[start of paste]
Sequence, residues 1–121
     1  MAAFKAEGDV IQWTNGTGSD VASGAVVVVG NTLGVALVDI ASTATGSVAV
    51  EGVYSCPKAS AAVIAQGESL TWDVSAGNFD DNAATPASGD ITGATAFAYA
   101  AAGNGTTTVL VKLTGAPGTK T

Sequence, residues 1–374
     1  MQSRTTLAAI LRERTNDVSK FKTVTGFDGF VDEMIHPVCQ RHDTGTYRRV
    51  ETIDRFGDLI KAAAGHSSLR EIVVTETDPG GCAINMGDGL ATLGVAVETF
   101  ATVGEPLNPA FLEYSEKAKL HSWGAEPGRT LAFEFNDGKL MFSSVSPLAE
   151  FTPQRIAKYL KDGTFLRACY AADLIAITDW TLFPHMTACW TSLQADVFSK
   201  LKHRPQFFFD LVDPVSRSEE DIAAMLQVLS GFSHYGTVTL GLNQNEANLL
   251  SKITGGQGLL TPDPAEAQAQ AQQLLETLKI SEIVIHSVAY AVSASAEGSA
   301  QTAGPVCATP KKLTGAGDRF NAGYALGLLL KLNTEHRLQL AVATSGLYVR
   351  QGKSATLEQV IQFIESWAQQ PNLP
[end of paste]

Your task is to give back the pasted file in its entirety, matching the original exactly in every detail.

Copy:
Sequence, residues 1–121
     1  MAAFKAEGDV IQWTNGTGSD VASGAVVVVG NTLGVALVDI ASTATGSVAV
    51  EGVYSCPKAS AAVIAQGESL TWDVSAGNFD DNAATPASGD ITGATAFAYA
   101  AAGNGTTTVL VKLTGAPGTK T

Sequence, residues 1–374
     1  MQSRTTLAAI LRERTNDVSK FKTVTGFDGF VDEMIHPVCQ RHDTGTYRRV
    51  ETIDRFGDLI KAAAGHSSLR EIVVTETDPG GCAINMGDGL ATLGVAVETF
   101  ATVGEPLNPA FLEYSEKAKL HSWGAEPGRT LAFEFNDGKL MFSSVSPLAE
   151  FTPQRIAKYL KDGTFLRACY AADLIAITDW TLFPHMTACW TSLQADVFSK
   201  LKHRPQFFFD LVDPVSRSEE DIAAMLQVLS GFSHYGTVTL GLNQNEANLL
   251  SKITGGQGLL TPDPAEAQAQ AQQLLETLKI SEIVIHSVAY AVSASAEGSA
   301  QTAGPVCATP KKLTGAGDRF NAGYALGLLL KLNTEHRLQL AVATSGLYVR
   351  QGKSATLEQV IQFIESWAQQ PNLP